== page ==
So you might be right that this is a tar-baby for the people who are against this. But those are for it are for it because it is beneficial to America to have a higher supply of oil, which decreases our energy costs which means people can buy more with their money. OPEC and idiots are against this because OPEC as a rule is not interested in what is best for Americans. And the idiots (otherwise know as greens) honestly believe that if this passes the world will burn in a fiery holocaust. They are simply delusional and so their interests also do not lie with the American peoples interests. But I will make this prediction: Obama can find no good reason to cancel it and so he will stall,stall,stall until the time does come that he is either no longer president or that he can trade this deal for something else. A true political schemer, he does not do anything without some benefit to himself for said action.

    Now the big 1 billion dollar questions: Is Obama doing the interests of OPEC ahead of the US? And are greens nothing but proxies for big oil?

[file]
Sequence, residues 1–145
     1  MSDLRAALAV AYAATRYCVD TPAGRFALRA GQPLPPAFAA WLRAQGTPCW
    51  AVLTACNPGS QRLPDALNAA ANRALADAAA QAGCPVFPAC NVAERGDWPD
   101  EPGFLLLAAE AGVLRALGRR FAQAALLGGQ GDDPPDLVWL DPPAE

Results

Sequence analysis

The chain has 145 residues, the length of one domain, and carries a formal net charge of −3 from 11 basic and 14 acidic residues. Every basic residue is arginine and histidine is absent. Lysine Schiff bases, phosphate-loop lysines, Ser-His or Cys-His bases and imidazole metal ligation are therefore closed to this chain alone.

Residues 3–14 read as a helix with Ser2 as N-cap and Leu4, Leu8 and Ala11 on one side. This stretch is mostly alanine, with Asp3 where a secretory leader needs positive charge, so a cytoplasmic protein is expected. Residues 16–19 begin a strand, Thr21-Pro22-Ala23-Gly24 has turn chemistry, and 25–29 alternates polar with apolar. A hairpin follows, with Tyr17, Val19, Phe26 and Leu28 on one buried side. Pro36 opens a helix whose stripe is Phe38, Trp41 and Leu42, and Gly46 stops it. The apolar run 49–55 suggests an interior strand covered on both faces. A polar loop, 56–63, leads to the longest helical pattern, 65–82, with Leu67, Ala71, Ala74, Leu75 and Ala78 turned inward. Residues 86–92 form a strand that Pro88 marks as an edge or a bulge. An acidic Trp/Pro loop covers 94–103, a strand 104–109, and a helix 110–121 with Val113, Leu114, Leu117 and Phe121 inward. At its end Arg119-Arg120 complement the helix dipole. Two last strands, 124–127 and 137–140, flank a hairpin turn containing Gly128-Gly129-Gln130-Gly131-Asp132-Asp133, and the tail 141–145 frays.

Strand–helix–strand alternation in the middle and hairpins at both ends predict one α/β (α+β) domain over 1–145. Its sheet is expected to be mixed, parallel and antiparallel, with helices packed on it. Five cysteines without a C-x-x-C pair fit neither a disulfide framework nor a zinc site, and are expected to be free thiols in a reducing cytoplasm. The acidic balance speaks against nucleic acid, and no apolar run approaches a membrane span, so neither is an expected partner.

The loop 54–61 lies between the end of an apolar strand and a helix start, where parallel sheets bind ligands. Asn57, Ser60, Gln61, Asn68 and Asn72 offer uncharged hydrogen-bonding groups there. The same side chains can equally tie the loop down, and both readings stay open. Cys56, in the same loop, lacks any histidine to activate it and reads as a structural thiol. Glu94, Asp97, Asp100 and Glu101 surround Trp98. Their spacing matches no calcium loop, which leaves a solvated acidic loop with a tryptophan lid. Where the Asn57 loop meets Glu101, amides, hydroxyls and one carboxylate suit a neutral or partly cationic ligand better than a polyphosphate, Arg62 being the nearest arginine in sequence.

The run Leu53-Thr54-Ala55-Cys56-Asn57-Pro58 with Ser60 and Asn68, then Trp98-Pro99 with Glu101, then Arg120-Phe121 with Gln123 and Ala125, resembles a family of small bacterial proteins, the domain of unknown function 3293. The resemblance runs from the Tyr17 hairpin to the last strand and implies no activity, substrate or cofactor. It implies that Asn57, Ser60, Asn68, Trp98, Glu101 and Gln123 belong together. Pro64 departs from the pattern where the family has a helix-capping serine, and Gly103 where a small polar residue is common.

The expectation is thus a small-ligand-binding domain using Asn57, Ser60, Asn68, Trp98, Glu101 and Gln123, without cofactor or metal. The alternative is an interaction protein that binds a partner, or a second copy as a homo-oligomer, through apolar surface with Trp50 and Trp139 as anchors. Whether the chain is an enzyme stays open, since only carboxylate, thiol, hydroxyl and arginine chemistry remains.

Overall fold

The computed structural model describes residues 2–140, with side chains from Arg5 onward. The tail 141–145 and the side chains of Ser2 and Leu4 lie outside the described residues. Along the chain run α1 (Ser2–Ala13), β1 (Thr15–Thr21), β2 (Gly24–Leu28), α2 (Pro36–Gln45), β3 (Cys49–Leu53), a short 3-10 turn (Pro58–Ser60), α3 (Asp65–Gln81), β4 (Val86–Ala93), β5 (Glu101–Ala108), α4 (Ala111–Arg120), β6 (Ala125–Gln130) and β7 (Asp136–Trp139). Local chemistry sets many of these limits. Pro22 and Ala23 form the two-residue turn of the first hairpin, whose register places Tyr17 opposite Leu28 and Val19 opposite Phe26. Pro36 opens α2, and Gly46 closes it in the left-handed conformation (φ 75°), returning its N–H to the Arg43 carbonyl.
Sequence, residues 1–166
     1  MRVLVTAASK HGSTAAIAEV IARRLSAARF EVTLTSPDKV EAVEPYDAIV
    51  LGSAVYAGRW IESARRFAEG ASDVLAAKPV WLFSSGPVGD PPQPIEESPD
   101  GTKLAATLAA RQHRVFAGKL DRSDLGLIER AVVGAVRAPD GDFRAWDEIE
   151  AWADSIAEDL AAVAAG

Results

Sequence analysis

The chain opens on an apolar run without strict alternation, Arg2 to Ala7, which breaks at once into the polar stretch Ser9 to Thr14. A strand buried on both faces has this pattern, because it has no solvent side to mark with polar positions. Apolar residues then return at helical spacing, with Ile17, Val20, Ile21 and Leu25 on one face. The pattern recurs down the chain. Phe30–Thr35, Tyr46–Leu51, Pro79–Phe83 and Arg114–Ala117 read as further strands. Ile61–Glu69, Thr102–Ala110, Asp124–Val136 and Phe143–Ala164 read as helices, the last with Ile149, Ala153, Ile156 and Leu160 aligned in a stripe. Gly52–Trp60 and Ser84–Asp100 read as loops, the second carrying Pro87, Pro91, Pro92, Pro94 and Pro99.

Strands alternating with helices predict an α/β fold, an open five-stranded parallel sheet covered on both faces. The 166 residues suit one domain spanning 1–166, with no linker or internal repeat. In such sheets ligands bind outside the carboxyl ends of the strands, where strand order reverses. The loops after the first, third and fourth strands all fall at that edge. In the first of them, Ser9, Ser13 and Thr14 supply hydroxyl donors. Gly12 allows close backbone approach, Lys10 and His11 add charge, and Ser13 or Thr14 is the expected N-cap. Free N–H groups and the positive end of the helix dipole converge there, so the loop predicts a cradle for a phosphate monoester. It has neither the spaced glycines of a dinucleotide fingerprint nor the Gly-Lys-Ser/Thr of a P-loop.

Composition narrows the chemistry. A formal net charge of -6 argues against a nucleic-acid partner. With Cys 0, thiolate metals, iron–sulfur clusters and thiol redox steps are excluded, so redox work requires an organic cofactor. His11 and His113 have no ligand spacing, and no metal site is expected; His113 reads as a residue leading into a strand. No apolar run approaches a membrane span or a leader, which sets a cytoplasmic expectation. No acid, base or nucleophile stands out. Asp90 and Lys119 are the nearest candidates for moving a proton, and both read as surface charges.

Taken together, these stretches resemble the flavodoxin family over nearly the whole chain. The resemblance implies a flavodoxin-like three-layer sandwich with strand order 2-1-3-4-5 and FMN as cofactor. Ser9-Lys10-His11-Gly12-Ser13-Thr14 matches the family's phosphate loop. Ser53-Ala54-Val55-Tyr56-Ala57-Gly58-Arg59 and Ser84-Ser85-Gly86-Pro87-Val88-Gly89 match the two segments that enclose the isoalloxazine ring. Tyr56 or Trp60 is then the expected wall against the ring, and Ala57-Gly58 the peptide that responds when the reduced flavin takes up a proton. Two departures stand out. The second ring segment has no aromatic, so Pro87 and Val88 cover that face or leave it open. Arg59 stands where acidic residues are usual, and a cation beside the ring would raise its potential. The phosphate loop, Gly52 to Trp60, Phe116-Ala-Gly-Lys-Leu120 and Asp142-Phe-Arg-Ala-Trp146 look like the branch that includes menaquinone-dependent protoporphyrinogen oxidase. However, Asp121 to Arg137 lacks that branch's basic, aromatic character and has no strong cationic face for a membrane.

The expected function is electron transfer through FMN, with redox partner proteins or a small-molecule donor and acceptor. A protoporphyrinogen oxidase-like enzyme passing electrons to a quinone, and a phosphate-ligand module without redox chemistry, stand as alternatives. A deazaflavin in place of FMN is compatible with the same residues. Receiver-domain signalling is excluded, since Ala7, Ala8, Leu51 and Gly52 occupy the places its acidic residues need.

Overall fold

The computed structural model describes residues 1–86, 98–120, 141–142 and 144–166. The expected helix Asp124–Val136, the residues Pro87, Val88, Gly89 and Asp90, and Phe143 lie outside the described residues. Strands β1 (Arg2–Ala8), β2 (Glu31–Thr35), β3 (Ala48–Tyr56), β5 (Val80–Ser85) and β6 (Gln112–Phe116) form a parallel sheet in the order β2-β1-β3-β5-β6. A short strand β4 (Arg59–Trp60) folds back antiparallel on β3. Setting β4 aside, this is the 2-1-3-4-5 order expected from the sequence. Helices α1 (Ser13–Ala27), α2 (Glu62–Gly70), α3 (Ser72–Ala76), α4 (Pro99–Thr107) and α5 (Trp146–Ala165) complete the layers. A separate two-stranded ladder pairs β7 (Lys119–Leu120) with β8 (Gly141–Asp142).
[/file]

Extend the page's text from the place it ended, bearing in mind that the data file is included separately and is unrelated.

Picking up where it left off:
That last one is kind of ironic when you think about it.

  48. Alec Rawls says:

    “Paid Shill” says that if the Keystone pipeline is built:

    Alberta’s oil could then reach Texas ports where it could be exported and therefore, would bring a higher price.

    Except that it would increase the world supply of oil, lowering the world oil price.

    It is true that lowered transportation costs would increase the net price the Canadians receive for selling their tar-sands oil at the world market price for that grade of oil. Shill sees this as a bad thing? Not only does Canada benefit, but so do we. By providing a cheaper form of transportation the domestically owned U.S. pipeline would both increase the size of the economic pie and grab a bigger share of it for U.S. businesses.

    That and the world price of oil would fall a bit. The only possible negative is in the minds of the eco-fruitcakes who believe that Co2 is dangerous. Is that Paid Shill’s actual position?